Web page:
The phrase “is comprised of” is always wrong. No matter how many times you see it in print, you should not pick up this phrase for your own writing. Here is why.
“Comprise” means to contain, embrace or include. So a larger thing comprises (that is, contains or includes) various parts. A zoo comprises lions, tigers, bears, birds, elephants and anteaters. You can see why people might think that they can turn the word around and make it passive, but if you substitute a form of “include” or “contain” you can see how wrong it sounds. The zoo is included of (is contained of) lions, tigers, bears, birds, elephants and anteaters.
Sometimes, writers have heard that they need to use “comprise,” not “is comprised of,” but they confuse the use by having the parts as the subject. This is an example of the incorrect use: The lions, tigers, bears, birds, elephants and anteaters comprise (substitute “constitute”) the zoo.
Just remember this rule: The whole comprises the parts; the parts constitute (or make up) the whole. (Many usage books address this in an entry on “compose, comprise and constitute.”)
Here is how to fix the “is comprised of” error. You can write instead “is made up of” or “is composed of.” The zoo is made up of lions, tigers, bears, birds, elephants and anteaters.
Here are some examples, culled from stories published in The N&O (some from wire services and some from staff writers), of correct and incorrect usage:
In an unexpected second straight day of labor negotiations, the league and the union branched out into other discussions, such as the potential formation of a competition committee that would be comprised of player and team representatives, NHL chief legal officer Bill Daly said in a statement. (From a sports story about professional hockey, May 12, 2005) — The phrase should be “would be composed of.”
The Division I Board of Directors, which has the final say on the 12-game proposal, is comprised of university presidents and chancellors. (From a sports story about Division I football, April 13, 2005) — Again, the phrase should be “is composed of.”
The panel selecting the songs was comprised of music critics, recording artists, producers, label executives and songwriters. (From a column about a list of top 500 pop songs, Dec. 4, 2004) — Here the writer could have written “comprised,” instead of “is comprised of.” The panel is a whole and the music critics, recording artists, etc., are the parts.
The commission comprises judges, lawyers and appointees charged with enforcing the code of ethics for the state’s 350 judges. (From news stories about a tax evasion case in federal court case, March 30 and 31, 2005) — Hurrah! This is correct.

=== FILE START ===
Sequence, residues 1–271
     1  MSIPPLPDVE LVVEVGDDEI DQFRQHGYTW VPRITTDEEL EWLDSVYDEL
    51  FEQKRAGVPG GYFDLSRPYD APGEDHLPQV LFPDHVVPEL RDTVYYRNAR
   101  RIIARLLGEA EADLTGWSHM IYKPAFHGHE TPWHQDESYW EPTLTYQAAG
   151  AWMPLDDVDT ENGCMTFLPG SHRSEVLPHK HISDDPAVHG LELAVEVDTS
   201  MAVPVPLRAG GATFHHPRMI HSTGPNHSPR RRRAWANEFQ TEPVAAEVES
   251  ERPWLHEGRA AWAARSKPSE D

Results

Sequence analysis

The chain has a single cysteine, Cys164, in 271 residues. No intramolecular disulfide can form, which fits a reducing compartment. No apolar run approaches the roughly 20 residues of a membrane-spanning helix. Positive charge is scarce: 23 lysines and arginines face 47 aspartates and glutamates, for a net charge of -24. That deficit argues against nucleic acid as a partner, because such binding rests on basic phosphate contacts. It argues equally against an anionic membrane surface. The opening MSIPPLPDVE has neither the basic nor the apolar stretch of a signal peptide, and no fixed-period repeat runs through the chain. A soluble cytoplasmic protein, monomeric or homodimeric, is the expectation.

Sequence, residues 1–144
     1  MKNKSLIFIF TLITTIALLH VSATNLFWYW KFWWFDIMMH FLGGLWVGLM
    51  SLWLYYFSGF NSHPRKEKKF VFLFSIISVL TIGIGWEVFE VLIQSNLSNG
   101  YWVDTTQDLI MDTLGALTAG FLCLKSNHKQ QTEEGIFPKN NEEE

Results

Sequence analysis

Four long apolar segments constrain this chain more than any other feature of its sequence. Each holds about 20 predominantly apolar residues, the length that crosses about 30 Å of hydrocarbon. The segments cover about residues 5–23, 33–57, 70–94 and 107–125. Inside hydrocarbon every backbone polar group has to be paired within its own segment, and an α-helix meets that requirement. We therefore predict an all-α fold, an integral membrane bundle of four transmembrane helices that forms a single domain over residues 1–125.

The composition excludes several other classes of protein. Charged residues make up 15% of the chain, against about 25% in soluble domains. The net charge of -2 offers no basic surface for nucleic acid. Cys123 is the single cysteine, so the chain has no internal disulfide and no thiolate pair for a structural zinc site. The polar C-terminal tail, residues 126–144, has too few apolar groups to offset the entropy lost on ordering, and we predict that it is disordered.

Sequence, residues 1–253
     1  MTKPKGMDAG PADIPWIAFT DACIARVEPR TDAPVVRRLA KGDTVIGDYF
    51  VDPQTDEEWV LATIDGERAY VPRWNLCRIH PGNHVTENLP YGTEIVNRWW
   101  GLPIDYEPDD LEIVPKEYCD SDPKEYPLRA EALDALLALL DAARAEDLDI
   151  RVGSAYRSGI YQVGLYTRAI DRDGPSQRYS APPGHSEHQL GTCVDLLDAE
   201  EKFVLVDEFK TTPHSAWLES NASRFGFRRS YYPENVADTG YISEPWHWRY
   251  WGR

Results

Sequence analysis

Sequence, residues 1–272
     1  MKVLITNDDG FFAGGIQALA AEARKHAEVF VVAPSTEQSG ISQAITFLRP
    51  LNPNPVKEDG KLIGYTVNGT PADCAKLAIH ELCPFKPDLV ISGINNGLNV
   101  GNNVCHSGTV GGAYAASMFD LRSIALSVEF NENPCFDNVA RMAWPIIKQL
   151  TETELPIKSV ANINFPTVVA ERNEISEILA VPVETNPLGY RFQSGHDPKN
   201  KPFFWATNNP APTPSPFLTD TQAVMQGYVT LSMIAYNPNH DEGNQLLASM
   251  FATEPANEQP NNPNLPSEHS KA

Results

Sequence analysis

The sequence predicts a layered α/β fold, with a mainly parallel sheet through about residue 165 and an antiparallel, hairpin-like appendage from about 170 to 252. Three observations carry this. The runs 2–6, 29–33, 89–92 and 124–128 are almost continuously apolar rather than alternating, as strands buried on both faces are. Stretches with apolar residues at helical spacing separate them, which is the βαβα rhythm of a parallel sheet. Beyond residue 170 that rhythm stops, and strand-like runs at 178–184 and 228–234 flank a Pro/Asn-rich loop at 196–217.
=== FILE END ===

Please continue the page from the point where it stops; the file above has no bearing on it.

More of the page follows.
The museum comprises five distinct boxes which will house three galleries, an auditorium and an office building set in a circle connected by glass and steel designed to blend the inside with the woodsy area around it. (From a feature story about Nasher Museum of Art at Duke University, March 5, 2005) — The whole (museum) encompasses five distinct boxes. Correct. However, I would change “which” to “that.” See the earlier blog entry on “that” and “which.”
The exhibition comprises 74 paintings, sculptures and drawings put together by curators at NCMA and in Baltimore especially for the Raleigh museum, filling in gaps in the NCMA’s permanent collection and emphasizing a North Carolina connection. (From a feature story about the Matisse-Picasso exhibition at the N.C. Museum of Art, Oct. 3, 2004) — This is an example of correct use.
Drunken drivers comprised most of the arrest warrants at the Wake County Magistrate’s office Saturday morning. As is the norm on Christmas Day, burglar alarms (mostly false), traffic accidents and domestic disputes also taxed officers’ time. (From a news story about police duty on holidays, Dec. 26, 2004) — In this sentence, “constituted” would be a better choice.
Coupled with the Army Reserve, which is federally controlled, these part-time soldiers comprise roughly 40 percent of the force in Iraq. (From a news story about the N.C. National Guard deployment to Iraq, Aug. 15, 2004) — Again, the better choice is “constitute.”
This article was originally posted by the Raleigh News & Observer, a subsidiary of The McClatchy Co.; is posted here to provide continuity; and is copyright © 2011 The News & Observer Publishing Company, which reserves the right to remove this post.